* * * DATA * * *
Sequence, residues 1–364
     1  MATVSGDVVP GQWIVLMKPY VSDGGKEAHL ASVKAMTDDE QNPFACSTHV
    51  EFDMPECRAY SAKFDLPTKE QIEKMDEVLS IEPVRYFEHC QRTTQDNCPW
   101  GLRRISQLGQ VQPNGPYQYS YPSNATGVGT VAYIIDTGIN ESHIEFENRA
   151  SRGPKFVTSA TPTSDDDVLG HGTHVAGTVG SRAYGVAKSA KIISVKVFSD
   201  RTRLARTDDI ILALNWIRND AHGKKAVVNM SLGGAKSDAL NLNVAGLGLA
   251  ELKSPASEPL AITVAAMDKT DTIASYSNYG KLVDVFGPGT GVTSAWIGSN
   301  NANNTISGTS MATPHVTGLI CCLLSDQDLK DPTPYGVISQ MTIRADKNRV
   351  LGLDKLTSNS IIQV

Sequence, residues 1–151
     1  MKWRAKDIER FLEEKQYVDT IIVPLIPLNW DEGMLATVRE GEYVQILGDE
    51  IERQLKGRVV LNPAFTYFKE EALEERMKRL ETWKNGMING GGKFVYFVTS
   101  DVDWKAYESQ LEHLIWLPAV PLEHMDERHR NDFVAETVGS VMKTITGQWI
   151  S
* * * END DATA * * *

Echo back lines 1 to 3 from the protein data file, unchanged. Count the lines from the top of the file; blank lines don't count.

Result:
Sequence, residues 1–364
     1  MATVSGDVVP GQWIVLMKPY VSDGGKEAHL ASVKAMTDDE QNPFACSTHV
    51  EFDMPECRAY SAKFDLPTKE QIEKMDEVLS IEPVRYFEHC QRTTQDNCPW